The objective of this Development Candidate (DC) award proposal is to use a stem cell based approach to treat lymphedema, which is chronic and progressive swelling of an extremity. Lymphedema is caused by trauma to the lymphatic system and is a common complication of cancer treatment. The objective of this proposal is to differentiate lymphatic vessel-forming cells from pluripotent stem cells and combine them with a biocompatible hydrogel matrix that will be injected to help repair lymphatic vessels to treat lymphedema. Objective and Milestones - Although the proposed milestones proposed were considered appropriate, reviewers questioned the ability of the applicant to complete all proposed studies within the award period. - The applicant did not clearly define decision points or the go/no-go decisions in the research plan. - The Target Product Profile lacked detail, particularly with respect to the proposed function of the therapeutic cells and the target dose. Rationale and Significance - Although the rationale to use lymphatic cells for the formation of vascular structures is good, there is little evidence that the cells will be functional in the intended disease settings. - The project does address an unmet medical need. A therapy that can help promote lymphatic vessel growth would have significant clinical benefit if successful. Feasibility and Design - The proposed animal models of lymphedema are not representative of the human post-mastectomy setting. Reviewers were not clear as to how proof of concept of reduction of lymphedema could be shown. - The timeline for the proposed studies was viewed as unrealistic. - Preliminary data were not compelling. They did not clearly demonstrate that the cells behaved as the desired lymphatic endothelial cells, and convincing in vivo data were not provided. -No information was provided about what doses would be tested and how that might relate to clinical translation. Qualification of the PI (Co-PI, Partner PI, if applicable) and Research Team - PI and collaborators have appropriate experience and expertise. - An appropriate multidisciplinary team has been assembled. The team is well versed in cell production and characterization, but the proposed studies raised serious concern about the level of understanding of the primary disease that the applicants are proposing to treat. Collaborations, Assets, Resources and Environment -Assets, facilities, and resources appear to be adequate to conduct the proposed studies. Responsiveness to the RFA - The project is responsiveness to the RFA in that it uses human stem cells to develop a treatment for an unmet medical need.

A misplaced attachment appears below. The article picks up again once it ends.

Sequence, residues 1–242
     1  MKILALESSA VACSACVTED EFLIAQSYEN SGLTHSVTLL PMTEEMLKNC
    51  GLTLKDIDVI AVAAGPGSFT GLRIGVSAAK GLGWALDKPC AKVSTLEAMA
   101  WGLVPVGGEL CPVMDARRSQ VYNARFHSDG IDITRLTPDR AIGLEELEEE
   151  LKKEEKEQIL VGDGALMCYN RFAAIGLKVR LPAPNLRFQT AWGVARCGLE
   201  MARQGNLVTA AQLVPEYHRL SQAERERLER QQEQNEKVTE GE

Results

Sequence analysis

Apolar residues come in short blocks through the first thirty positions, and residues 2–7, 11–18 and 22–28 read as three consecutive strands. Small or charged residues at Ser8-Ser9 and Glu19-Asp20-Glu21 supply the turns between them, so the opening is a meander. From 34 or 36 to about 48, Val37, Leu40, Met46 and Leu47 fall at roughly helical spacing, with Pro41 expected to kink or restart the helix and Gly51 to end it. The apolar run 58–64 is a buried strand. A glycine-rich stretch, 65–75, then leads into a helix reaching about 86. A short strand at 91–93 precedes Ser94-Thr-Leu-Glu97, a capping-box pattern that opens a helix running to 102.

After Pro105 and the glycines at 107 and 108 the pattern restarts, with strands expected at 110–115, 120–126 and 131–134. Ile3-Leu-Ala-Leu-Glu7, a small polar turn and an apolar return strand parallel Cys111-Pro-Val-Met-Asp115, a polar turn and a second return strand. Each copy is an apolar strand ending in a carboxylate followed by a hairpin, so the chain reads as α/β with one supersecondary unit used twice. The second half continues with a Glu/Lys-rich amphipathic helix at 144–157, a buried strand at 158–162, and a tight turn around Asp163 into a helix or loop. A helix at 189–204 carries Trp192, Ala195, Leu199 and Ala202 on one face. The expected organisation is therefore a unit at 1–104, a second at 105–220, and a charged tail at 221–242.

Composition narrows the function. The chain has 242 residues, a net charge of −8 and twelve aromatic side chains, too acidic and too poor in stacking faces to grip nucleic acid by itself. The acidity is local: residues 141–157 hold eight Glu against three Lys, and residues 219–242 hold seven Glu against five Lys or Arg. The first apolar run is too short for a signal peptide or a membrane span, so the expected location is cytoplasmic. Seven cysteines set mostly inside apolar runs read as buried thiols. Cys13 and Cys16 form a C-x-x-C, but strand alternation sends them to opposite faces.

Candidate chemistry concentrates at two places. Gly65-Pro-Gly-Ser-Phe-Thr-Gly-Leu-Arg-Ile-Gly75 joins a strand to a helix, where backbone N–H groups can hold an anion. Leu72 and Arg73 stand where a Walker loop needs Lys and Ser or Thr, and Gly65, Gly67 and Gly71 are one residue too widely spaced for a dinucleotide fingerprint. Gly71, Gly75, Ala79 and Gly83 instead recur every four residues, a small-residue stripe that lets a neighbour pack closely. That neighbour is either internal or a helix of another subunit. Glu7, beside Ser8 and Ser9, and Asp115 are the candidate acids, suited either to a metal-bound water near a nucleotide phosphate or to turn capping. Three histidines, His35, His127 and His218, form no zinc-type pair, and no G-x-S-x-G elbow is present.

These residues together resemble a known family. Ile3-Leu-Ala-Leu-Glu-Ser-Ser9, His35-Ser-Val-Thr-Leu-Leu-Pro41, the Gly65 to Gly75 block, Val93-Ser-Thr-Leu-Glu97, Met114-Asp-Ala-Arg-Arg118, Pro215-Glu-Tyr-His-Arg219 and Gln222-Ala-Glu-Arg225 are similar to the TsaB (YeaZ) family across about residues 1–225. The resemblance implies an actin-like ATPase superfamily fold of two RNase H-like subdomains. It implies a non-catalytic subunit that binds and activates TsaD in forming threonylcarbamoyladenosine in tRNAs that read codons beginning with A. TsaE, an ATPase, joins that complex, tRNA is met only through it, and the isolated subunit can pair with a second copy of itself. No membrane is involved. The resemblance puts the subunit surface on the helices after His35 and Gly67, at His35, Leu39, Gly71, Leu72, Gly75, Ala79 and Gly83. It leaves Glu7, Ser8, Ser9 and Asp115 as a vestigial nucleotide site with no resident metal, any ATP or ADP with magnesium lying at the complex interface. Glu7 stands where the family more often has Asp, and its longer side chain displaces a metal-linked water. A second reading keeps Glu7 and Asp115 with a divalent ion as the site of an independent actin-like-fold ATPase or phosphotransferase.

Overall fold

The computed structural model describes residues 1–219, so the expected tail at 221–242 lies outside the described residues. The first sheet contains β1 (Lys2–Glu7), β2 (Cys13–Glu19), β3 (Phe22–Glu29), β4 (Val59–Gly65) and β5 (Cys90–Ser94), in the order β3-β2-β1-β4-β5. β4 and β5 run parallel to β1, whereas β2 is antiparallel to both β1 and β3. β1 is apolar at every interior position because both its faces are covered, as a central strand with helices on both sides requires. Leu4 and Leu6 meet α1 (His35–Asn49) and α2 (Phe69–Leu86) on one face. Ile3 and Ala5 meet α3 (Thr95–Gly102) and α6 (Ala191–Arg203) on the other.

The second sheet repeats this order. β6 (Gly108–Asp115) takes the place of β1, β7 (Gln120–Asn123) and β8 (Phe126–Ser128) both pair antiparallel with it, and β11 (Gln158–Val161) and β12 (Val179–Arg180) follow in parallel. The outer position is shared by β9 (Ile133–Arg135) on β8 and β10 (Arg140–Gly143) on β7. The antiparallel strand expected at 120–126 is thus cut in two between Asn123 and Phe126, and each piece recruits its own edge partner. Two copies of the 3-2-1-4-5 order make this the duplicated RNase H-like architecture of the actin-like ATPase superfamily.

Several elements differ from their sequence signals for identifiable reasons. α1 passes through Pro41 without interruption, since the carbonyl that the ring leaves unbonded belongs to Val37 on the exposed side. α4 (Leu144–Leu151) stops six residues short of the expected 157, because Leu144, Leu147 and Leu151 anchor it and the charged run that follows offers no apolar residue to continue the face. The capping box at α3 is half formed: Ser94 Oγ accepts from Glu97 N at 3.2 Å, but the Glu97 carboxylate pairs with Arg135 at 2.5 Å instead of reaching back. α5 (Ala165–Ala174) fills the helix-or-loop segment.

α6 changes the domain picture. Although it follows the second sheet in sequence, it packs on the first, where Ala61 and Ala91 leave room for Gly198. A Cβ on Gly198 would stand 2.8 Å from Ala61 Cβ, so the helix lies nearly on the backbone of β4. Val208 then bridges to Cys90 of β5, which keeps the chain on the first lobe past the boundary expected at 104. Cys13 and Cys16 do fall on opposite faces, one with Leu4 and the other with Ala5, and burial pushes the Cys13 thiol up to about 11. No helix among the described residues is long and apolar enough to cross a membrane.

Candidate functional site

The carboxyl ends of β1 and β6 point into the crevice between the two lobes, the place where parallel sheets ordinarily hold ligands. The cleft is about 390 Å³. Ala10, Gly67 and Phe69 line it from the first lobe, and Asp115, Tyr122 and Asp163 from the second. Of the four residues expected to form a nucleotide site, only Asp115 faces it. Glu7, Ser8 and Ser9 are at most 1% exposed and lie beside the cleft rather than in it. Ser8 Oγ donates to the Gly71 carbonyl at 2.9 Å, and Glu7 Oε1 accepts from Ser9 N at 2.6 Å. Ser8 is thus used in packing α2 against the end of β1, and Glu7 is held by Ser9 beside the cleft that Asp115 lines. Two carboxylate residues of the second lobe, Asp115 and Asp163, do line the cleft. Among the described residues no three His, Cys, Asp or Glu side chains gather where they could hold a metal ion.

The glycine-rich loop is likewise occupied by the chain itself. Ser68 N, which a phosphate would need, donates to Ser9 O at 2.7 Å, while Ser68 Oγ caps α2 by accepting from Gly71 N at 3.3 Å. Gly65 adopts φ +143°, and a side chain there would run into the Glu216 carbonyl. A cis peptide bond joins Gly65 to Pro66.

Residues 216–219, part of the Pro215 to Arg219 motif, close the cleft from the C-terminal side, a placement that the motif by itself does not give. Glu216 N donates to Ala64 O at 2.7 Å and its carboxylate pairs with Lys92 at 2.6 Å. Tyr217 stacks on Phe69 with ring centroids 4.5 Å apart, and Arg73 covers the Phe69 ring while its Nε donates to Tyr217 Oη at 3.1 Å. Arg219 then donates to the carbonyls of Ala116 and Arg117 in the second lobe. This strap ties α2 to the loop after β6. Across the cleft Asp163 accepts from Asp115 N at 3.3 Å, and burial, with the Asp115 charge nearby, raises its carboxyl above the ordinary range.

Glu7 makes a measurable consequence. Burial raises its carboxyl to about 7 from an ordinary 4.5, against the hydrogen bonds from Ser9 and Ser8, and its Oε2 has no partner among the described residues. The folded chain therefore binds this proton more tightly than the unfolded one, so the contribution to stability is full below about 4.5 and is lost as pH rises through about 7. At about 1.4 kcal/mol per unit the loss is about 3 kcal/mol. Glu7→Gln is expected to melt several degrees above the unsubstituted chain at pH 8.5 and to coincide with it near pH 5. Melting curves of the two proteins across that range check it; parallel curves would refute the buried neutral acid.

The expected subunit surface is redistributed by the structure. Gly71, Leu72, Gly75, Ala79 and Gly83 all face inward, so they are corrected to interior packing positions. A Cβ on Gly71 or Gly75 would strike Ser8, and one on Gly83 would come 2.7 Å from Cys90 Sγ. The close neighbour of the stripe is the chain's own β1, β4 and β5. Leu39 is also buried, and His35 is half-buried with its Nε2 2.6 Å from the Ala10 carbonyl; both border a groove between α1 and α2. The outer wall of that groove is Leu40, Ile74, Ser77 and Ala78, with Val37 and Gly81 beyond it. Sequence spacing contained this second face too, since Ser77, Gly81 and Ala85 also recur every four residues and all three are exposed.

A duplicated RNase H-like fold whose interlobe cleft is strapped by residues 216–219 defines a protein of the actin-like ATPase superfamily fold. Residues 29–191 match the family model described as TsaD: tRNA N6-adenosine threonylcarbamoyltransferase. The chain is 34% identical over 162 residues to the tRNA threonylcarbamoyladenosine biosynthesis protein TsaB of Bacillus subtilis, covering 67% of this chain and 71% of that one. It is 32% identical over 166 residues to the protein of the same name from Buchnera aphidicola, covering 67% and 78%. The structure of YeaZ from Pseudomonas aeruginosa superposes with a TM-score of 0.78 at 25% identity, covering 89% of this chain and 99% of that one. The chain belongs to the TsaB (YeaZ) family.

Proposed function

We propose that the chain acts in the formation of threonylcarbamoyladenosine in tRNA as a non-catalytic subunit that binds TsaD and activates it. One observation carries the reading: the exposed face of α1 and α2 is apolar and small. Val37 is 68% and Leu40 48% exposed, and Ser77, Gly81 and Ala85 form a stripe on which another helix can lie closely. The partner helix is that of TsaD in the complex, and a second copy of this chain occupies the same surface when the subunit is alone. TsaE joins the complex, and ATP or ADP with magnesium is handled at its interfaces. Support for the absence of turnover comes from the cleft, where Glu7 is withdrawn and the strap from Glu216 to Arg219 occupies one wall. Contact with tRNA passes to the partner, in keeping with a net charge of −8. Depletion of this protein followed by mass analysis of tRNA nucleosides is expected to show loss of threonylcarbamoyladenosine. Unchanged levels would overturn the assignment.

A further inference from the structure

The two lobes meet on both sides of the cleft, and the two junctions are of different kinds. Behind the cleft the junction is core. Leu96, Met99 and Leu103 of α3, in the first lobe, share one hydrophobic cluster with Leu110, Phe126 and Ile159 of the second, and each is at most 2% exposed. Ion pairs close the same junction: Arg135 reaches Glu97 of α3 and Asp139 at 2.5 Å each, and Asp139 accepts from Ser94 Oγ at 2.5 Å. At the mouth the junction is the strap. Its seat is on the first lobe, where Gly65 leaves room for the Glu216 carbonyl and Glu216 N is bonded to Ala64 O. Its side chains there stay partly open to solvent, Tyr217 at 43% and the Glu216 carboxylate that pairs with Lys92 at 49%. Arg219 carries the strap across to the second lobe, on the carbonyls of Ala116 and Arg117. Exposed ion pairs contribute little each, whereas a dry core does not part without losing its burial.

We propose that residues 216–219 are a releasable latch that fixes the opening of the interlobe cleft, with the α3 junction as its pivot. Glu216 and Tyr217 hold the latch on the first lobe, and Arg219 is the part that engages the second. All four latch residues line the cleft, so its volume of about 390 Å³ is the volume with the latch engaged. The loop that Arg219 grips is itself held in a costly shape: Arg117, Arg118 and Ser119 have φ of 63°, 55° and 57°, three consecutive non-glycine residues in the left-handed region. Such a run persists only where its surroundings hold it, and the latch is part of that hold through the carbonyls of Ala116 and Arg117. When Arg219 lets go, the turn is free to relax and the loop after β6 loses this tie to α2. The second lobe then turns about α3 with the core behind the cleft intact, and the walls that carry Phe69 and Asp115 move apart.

© 2013 California Institute for Regenerative Medicine